House Speaker Nancy Pelosi (D–Calif.) has announced a formal impeachment inquiry into President Donald Trump, after accusations swelled that Trump leveraged his political power to pressure Ukrainian President Volodymyr Zelensky into investigating former Vice President Joe Biden—the current Democratic frontrunner in the 2020 presidential election.
"The actions taken to date by the president have seriously violated the Constitution," she said.
As Reason's Peter Suderman has pointed out, while the allegations have yet to be fully substantiated, the mounting evidence appears to be unfavorable to the president. Rudy Giuliani, Trump's personal lawyer, flip-flopped on national television, initially denying, but then admitting to urging Zelensky to carry out the opposition research on Biden and his family. What's more, Trump reportedly brought up the request eight times on a July call with the Ukranian president. And just days prior to that conversation, Acting White House Chief of Staff Mick Mulvaney withheld $400 million in military aid from the Ukraine at Trump's behest.
The president has no lawful power to refuse funds that Congress has allocated. Yet it seems that Trump may have moved to cut off support for Ukraine—illegally—in hopes that he could prompt that country to look into a political opponent.
Trump said Monday that he withheld the funds because of "corruption" in the country. He contradicted that messaging on Tuesday, telling the United Nations that he kept the money over frustrations with Europe's lack of monetary support.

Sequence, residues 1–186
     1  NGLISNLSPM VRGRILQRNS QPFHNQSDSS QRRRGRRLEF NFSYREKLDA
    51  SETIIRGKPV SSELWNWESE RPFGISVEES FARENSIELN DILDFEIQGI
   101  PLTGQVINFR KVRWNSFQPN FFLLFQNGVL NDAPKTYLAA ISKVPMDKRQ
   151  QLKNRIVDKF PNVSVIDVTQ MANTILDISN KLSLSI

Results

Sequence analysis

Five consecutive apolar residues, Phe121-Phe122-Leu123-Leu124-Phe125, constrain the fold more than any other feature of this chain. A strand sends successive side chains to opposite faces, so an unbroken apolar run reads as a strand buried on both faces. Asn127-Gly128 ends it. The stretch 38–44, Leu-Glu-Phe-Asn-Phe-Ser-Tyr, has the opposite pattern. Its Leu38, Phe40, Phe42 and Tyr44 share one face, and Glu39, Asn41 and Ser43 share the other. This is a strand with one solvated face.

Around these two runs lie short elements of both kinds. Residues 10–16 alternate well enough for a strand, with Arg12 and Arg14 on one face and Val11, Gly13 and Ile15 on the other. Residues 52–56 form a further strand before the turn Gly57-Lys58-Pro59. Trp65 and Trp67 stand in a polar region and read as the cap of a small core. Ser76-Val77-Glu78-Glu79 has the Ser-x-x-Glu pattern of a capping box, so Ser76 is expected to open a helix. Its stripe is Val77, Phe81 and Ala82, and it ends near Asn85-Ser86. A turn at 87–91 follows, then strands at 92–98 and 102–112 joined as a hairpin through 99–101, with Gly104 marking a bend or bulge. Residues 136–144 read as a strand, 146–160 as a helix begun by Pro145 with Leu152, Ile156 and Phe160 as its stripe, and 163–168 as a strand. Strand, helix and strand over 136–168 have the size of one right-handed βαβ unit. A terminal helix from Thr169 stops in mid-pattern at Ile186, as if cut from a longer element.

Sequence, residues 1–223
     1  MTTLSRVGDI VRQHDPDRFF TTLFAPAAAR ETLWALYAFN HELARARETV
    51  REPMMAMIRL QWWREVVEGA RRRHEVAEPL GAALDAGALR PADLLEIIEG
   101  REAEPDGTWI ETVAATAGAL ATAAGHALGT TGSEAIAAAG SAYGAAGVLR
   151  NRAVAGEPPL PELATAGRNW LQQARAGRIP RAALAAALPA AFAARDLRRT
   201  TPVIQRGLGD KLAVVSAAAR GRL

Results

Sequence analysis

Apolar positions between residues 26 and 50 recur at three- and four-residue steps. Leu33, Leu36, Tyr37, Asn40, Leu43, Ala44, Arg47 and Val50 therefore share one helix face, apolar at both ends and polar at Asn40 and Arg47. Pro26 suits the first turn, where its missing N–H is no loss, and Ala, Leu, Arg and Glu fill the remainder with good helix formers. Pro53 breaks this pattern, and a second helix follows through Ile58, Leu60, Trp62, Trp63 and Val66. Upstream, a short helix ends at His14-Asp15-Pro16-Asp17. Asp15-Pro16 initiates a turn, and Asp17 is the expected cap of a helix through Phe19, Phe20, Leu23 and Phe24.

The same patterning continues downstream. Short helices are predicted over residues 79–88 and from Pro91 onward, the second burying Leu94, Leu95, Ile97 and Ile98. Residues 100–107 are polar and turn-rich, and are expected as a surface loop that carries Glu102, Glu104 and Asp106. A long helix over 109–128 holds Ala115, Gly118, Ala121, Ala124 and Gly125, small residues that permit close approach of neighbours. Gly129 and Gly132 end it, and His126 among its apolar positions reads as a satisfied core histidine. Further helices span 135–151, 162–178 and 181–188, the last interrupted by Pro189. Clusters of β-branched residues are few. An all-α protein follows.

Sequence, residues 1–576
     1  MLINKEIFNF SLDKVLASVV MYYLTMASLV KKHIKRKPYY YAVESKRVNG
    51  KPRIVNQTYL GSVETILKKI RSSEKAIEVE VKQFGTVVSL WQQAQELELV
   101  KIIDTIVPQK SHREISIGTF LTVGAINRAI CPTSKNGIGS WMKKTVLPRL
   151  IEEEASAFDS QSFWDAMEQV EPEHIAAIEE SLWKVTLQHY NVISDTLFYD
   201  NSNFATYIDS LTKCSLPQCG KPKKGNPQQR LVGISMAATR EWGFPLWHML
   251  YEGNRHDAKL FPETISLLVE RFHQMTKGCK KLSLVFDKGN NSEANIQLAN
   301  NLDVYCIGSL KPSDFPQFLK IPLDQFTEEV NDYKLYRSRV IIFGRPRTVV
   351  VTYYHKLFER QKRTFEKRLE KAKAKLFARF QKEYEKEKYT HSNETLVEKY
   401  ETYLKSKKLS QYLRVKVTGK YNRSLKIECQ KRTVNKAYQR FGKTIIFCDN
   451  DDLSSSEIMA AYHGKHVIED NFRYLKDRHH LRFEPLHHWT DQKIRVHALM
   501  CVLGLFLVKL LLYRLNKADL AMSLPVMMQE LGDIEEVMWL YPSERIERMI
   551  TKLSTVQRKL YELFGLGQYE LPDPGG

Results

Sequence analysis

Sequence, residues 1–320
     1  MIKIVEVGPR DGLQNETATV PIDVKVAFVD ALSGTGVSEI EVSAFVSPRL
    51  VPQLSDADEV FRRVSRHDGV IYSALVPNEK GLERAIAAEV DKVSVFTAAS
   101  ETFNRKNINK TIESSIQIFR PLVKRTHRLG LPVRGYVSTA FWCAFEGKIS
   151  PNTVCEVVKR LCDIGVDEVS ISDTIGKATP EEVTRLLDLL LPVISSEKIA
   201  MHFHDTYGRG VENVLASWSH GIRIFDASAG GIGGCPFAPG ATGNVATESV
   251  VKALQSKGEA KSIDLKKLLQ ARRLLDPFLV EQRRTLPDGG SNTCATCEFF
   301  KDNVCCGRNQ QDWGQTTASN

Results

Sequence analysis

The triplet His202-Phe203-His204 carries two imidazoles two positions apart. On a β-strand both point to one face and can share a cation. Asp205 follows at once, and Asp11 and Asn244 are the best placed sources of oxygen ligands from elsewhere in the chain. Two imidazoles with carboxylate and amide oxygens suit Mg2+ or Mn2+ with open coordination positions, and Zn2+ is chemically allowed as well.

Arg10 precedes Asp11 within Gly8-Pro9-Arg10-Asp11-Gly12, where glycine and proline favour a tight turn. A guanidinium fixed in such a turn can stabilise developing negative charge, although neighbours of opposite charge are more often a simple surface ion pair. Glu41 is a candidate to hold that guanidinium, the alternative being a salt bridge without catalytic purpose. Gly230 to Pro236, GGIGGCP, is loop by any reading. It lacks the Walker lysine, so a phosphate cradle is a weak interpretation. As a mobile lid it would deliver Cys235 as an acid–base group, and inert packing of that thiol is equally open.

Pelosi's about-face on impeachment represents a major shift for the congresswoman, who up until this point has maintained that such proceedings would have disastrous political consequences for Democrats. And she isn't the only one to have a change of heart. Many liberal lawmakers who once opposed the idea have reversed course in light of the new information, with those legislators now topping 150 out of 235. The House speaker will move to create a special committee to investigate the matter.
Trump has leveled similar accusations against Biden. He alleges that the former vice president refused to give Ukraine funding in order to help his son, Hunter, although it's worth noting that Trump has not yet been able to furnish proof to support that claim. In 2016, Biden threatened to withhold $1 billion in U.S. aid if a prosecutor—who had been accused of corruption by multiple international agencies—was not removed from office. Some in Trump's circle allege that the former vice president did so in order to shield his son from investigations pertaining to his role on the board of a Ukrainian gas company that was mired in scandal.
At a press conference today, Biden criticized the president and accused him of abusing his office for personal gain. "We have a president who believes there is no limit to his power," Biden said. "We have a president who believes he can do anything and get away with it. We have a president who believes he is above the law."